Opening Markets through Strategic Partnerships--Hatton National Bank

  • Date Posted: June 2, 2010
  • Organizations: Development Alternatives
  • Document Types: Case Study or Vignette
  • Donor Type: US Agency for International Development

As more and more commercial banks become intrigued by the idea of entering the microfinance market, the lessons learned from some of the more experienced players become crucial in evaluating requirements and potential benefits. Hatton National Bank (HNB) in Sri Lanka operates its microfinance department as an internal unit, that is, as a division or product within the bank. The performance of Hatton Bank's program provides key lessons for achieving profitability under this model.

HNB opted to integrate microfinance into its traditional banking operations rather than establish a separate subsidiary or new company to conduct the microfinance activities. Microfinance does not even exist as a separate division within HNB; rather, the Gami Pubuduwa product (GP or Village Awakening product), falls within the Development Banking Unit branch operations.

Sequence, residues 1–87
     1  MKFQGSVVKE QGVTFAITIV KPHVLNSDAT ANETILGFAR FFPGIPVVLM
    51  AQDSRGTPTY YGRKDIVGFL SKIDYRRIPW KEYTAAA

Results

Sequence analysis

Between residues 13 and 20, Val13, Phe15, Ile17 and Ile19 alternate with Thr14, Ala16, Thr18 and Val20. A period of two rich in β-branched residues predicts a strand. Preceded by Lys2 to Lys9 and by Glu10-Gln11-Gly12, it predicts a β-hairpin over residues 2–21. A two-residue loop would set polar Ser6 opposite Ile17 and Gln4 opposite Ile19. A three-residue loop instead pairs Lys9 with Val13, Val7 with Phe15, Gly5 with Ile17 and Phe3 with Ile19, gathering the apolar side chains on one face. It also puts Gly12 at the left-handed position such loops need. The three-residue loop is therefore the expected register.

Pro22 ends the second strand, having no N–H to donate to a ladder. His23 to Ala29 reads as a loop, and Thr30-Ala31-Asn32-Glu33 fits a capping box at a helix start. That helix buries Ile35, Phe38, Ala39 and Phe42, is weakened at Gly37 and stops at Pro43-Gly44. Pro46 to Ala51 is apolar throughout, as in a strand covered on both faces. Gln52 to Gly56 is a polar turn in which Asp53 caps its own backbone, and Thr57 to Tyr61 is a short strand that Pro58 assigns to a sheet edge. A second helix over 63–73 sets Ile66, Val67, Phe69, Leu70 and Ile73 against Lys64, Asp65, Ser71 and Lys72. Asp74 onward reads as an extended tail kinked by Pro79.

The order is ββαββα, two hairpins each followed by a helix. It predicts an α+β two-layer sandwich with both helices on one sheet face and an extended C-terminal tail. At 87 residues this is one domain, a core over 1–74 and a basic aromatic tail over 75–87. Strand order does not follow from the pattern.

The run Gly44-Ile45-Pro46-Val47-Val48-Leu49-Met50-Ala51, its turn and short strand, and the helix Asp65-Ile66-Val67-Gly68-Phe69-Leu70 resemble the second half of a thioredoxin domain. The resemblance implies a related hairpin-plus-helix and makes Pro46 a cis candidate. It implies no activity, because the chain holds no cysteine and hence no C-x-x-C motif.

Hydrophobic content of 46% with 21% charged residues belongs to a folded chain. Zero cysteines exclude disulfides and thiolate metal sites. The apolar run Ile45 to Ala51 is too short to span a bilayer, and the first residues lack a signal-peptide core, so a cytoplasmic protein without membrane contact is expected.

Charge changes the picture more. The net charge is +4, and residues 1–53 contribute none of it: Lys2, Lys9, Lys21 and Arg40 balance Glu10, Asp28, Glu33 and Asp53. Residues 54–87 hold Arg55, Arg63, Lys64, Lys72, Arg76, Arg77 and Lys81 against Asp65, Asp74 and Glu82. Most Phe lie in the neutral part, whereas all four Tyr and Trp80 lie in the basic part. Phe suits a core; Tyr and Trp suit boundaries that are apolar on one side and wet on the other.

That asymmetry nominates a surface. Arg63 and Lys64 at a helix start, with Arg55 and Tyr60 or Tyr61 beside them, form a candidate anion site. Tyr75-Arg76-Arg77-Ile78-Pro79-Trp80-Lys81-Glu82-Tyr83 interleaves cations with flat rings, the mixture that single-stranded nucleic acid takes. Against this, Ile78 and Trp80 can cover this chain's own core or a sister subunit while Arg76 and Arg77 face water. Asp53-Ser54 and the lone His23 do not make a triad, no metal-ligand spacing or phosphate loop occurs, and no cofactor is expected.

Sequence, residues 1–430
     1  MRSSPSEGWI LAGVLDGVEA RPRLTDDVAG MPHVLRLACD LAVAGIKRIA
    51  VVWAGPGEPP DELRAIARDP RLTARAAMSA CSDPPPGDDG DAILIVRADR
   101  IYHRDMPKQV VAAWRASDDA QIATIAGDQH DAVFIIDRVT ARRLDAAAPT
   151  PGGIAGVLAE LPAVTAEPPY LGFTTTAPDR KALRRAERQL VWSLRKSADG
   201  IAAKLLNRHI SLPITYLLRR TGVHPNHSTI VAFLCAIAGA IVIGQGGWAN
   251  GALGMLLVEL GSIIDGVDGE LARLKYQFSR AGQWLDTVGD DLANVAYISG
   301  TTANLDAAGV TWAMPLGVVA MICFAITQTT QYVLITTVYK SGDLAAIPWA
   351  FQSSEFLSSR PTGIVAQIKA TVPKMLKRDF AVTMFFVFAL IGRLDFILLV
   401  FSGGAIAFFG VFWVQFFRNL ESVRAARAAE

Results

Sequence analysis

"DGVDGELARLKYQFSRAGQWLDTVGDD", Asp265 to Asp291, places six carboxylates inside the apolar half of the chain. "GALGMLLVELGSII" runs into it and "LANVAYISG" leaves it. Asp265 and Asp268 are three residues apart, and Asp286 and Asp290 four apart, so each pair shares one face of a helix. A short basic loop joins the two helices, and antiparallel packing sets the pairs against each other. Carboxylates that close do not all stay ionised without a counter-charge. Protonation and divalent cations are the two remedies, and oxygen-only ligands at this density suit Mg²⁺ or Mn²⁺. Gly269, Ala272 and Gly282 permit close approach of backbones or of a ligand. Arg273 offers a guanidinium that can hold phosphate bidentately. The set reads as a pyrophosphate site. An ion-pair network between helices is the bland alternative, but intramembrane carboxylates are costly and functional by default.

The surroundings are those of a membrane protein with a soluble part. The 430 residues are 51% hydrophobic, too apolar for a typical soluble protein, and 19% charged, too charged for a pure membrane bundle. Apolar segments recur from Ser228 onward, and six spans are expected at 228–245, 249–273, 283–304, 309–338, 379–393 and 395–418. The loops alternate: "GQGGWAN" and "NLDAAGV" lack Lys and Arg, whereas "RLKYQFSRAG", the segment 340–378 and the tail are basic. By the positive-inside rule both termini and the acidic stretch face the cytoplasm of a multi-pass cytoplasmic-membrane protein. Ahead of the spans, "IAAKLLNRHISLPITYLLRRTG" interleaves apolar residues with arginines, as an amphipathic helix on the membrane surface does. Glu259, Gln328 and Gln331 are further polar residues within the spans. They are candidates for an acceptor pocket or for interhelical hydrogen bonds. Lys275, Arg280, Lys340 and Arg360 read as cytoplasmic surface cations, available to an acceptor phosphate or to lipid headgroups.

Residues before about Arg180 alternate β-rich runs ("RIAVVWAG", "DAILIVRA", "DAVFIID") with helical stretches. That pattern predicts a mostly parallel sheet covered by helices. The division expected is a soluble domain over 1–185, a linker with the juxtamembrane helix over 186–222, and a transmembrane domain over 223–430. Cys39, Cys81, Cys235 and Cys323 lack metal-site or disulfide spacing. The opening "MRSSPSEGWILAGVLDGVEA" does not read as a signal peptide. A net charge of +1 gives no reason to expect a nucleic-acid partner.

The presence of the GP field officers in villages, whether they are branch- or village unit-based, is strong. The village units are located centrally, in modest, sparsely furnished buildings that are often left unlocked when the GP field officers are out so that villagers can wait inside for their return. This village involvement exemplifies one of the GP program’s main strategies: to bring banking to the rural villages of Sri Lanka, providing not only microcredit, but financial services in general.